Even McBrayer sent him a letter to chide him about the resemblance.
I almost went up to chide him, but who was I to do that, when I had done the same at other times?
Our cars will chide us if we tailgate and watch us as we drive and jolt us awake if are distracted or drifting off to sleep.
The bipartisan panel will chide and scold the naughty bankers.
Forgive me any thing I may have said, that seems to chide my father.
Though I was a few minutes late for dinner, Miss Herbert did not chide me for delay.
She was very cold towards him to-day, but Mrs. Cathcart did not chide her.
I hardly know whether most to laugh at your freak or to chide you for its folly.'
It seemed so strange that she would no longer be free to console him, to chide him, to laugh at and with him.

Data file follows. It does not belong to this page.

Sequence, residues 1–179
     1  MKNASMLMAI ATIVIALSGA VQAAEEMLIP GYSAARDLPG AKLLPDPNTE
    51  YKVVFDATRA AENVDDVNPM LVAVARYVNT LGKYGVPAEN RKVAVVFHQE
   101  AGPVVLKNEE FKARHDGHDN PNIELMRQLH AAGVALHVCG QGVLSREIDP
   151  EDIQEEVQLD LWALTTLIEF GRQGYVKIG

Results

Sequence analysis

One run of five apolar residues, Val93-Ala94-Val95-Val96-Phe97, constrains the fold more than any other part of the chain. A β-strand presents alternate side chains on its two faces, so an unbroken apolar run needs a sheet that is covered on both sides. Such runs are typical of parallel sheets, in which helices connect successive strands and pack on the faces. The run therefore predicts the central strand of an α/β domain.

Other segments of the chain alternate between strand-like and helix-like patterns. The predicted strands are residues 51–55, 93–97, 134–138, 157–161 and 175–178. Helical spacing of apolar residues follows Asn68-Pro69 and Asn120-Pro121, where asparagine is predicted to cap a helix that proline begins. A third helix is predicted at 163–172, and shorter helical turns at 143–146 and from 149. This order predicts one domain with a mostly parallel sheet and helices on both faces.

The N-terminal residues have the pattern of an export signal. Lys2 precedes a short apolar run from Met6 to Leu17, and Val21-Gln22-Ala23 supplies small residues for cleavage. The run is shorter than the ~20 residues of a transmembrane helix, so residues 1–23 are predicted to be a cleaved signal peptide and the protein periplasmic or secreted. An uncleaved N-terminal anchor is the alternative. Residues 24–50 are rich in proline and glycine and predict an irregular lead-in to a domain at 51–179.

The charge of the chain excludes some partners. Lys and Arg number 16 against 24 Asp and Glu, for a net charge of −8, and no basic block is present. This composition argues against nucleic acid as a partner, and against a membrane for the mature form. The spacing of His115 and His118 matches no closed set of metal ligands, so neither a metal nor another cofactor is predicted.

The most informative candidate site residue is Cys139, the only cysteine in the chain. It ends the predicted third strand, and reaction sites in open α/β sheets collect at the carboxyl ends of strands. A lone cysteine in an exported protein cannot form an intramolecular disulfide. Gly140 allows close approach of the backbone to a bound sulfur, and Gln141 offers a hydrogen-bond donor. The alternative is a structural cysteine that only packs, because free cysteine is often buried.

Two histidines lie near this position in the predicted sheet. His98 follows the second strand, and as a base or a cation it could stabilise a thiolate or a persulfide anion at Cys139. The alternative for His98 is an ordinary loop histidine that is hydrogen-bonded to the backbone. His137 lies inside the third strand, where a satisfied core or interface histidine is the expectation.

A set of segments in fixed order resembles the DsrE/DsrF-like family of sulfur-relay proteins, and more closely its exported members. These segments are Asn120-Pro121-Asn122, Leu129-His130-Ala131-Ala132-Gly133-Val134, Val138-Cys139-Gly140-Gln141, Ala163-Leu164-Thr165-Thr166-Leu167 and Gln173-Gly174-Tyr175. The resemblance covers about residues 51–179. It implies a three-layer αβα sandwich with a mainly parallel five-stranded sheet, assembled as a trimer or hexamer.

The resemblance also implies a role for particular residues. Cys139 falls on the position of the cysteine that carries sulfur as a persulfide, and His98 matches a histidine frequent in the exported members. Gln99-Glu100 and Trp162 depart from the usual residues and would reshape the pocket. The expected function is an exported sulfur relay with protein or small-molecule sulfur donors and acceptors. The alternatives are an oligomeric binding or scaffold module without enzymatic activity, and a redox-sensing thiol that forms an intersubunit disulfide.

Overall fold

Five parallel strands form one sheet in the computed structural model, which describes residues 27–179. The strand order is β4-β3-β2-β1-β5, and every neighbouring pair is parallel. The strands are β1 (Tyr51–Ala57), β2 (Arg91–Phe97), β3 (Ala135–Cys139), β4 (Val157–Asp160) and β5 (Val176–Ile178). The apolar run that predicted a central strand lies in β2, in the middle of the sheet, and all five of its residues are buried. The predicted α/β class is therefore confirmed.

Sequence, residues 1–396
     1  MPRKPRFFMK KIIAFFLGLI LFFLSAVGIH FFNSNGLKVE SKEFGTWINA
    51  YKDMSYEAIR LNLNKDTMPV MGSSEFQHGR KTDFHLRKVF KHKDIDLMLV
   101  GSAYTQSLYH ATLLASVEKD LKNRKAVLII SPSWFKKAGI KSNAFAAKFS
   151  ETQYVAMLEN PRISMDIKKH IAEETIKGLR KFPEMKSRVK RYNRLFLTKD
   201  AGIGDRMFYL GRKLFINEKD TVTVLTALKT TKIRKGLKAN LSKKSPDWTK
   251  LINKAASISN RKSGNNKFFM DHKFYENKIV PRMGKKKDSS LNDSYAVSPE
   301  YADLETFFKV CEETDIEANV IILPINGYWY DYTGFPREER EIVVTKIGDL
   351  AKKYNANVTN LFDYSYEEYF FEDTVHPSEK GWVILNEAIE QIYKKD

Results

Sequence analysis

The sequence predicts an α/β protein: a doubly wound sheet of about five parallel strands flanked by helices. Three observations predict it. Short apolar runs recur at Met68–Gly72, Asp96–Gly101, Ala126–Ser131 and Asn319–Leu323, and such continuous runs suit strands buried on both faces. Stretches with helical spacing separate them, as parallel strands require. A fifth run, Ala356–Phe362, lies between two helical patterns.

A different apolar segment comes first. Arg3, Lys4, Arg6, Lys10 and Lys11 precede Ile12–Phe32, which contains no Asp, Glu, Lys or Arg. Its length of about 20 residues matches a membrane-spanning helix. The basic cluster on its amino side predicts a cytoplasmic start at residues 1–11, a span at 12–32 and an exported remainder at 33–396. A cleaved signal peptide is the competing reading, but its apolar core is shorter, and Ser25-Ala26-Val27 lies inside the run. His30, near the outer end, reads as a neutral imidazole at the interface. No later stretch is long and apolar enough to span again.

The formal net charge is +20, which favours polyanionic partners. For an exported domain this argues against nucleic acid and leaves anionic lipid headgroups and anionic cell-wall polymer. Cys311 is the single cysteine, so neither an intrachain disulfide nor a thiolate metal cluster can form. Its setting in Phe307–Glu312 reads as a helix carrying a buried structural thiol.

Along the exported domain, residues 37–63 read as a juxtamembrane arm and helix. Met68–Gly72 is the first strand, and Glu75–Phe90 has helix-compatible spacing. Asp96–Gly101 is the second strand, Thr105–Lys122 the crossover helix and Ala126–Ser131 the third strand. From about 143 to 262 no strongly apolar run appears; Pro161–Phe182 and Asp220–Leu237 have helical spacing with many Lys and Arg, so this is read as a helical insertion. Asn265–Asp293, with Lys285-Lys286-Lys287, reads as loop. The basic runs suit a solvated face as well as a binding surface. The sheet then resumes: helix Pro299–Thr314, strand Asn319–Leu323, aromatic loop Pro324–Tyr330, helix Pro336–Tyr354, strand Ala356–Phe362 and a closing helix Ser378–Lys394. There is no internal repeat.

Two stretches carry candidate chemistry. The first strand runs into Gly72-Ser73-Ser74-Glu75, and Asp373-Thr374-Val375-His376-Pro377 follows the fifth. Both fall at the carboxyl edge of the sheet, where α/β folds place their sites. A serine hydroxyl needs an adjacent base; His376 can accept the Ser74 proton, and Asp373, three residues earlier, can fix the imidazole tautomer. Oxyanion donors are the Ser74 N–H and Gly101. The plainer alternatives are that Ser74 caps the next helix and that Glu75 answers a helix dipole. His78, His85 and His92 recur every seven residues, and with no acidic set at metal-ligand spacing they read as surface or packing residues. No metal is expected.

Then at last they slowly returned, unrebuked, for no man had the heart to chide their daring.
late 12c., "scold, nag, rail," originally intransitive, from Old English cidan "to contend, quarrel, complain." Not found outside Old English (though Liberman says it is "probably related to OHG *kîdal 'wedge,'" with a sense evolution from "brandishing sticks" to "scold, reprove"). Past tense, past participle can be chided or chid or even (past participle) chidden (Shakespeare used it); present participle is chiding.